abstract = "Cyclosporine A (CsA) nephrotoxicity has been suggested to be aggravated in the presence of ischemia, as occurs after renal transplantation. Cyclosporine G (CsG) may be less nephrotoxic than CsA. This study evaluated in the rat (1) the effect of CsA and CsG on blood flow and the function of the kidney subjected to 60 min of warm ischemia and (2) the protective effect of the calcium antagonist verapamil (VP). After left nephrectomy, ischemia was induced in the right kidney by the clamping of the kidney pedicle for 60 min, which resulted in a significant increase in serum creatinine (SCr) to 2.30 ± 0.25 mg/dL by Day 1 with 25{\%} mortality by Day 7. The administration of CsA or CsG (20 mg/kg iv daily for 7 days) after 60 min of renal ischemia significantly increased SCr and mortality compared with ischemia alone. In another set of experiments, 60 min of warm ischemia was applied to the right kidney and RBF was measured in both kidneys with a laser Doppler flowmeter. Blood flow in the ischemic kidney returned to the preischemic level by 15 min after the removal of the vascular clamp in the control animals. In contrast, in animals treated with CsA, a significant decrease in RBF was seen in both kidneys; however, blood flow in the ischemic kidney was significantly lower than that in the nonischemic kidney. CsG also decreased RBF in both kidneys, although in the left (nonischemic) kidney, RBF remained significantly higher with CsG than with CsA. VP treatment (0.35 mg/kg iv daily for 7 days) to animals subjected to 60 min of renal ischemia and CsA administration prevented the decrease in RBF and the increase in SCr and mortality. It is concluded that the ischemic kidney is more susceptible to CsA nephrotoxicity than the nonischemic kidney. Although CsG is less detrimental to the nonischemic kidney, it has a nephrotoxic effect on the ischemic kidney similar to that of CsA. Finally, the calcium antagonist VP prevents CsA-induced renal dysfunction in the ischemic kidney, most likely as a result of its renal hemodynamic effect.",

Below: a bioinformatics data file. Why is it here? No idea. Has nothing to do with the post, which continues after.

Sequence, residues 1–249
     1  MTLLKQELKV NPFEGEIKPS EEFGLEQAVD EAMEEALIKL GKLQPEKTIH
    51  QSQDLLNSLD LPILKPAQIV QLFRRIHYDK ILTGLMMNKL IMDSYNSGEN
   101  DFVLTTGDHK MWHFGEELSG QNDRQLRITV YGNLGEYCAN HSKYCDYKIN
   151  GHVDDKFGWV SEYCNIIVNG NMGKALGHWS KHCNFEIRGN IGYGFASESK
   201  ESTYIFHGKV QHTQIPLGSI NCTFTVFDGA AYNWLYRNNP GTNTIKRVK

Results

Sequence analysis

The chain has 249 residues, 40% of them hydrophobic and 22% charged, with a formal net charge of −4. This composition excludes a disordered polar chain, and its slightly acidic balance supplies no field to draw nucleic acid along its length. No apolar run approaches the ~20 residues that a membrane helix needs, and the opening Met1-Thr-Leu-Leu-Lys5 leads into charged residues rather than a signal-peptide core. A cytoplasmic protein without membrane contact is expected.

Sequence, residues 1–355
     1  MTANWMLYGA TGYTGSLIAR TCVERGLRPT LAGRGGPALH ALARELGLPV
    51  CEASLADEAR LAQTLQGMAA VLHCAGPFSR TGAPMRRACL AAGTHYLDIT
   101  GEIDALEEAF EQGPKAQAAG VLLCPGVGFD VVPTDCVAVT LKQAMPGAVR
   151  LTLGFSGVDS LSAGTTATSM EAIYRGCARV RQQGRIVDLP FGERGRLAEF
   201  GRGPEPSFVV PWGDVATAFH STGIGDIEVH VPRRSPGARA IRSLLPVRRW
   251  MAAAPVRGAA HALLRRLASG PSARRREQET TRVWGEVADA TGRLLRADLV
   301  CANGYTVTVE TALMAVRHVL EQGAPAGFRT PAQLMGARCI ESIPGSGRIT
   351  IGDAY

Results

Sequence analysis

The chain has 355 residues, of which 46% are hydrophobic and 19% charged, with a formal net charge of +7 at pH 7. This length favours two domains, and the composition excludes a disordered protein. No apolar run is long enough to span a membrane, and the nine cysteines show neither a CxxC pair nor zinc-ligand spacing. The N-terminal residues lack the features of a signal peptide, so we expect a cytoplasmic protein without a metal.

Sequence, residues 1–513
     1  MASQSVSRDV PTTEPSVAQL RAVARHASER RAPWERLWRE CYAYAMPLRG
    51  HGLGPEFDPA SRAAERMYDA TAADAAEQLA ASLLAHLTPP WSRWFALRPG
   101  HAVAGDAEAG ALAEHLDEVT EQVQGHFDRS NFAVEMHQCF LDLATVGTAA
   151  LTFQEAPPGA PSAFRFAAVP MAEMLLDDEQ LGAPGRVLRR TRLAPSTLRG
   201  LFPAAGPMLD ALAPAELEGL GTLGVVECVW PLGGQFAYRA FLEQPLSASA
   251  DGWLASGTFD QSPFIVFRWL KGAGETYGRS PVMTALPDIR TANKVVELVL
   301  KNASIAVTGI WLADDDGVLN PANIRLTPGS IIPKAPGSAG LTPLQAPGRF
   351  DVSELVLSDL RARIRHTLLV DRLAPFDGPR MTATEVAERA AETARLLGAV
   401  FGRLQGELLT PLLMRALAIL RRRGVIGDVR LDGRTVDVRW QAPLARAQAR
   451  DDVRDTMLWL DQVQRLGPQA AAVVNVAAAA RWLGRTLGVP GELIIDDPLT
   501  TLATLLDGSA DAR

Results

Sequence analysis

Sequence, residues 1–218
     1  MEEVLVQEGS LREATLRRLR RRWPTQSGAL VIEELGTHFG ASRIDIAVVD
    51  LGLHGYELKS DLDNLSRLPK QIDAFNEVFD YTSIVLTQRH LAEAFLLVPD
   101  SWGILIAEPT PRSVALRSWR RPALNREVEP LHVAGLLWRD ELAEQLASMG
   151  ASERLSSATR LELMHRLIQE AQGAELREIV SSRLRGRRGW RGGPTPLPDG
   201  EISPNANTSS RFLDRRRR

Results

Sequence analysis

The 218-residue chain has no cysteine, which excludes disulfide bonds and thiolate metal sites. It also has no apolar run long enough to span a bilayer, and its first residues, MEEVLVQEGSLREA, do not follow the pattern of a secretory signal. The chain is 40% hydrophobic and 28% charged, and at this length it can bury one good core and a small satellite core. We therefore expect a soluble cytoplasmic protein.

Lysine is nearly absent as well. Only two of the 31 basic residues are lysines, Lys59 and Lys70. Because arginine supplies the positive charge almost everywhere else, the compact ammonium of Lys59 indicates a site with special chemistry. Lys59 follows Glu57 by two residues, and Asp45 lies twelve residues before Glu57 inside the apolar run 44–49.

keywords = "Blood flow, Cyclosporine A, Cyclosporine G, Ischemia, Kidney, Verapamil",
author = "Aamer Ar'Rajab and Dawidson, {Ingemar J A} and Harris, {Richard B.} and William Mileski and Sentementes, {James T.}",
year = "1994",
month = "7",
language = "English (US)",
volume = "5",
pages = "93--101",
journal = "Journal of the American Society of Nephrology : JASN",
issn = "1046-6673",
publisher = "American Society of Nephrology",
number = "1",

}

TY - JOUR

T1 - Deleterious effect of cyclosporines on the ischemic kidney in the rat and the protection by the calcium antagonist verapamil

AU - Ar'Rajab, Aamer

AU - Dawidson, Ingemar J A

AU - Harris, Richard B.

AU - Mileski, William

AU - Sentementes, James T.

PY - 1994/7

Y1 - 1994/7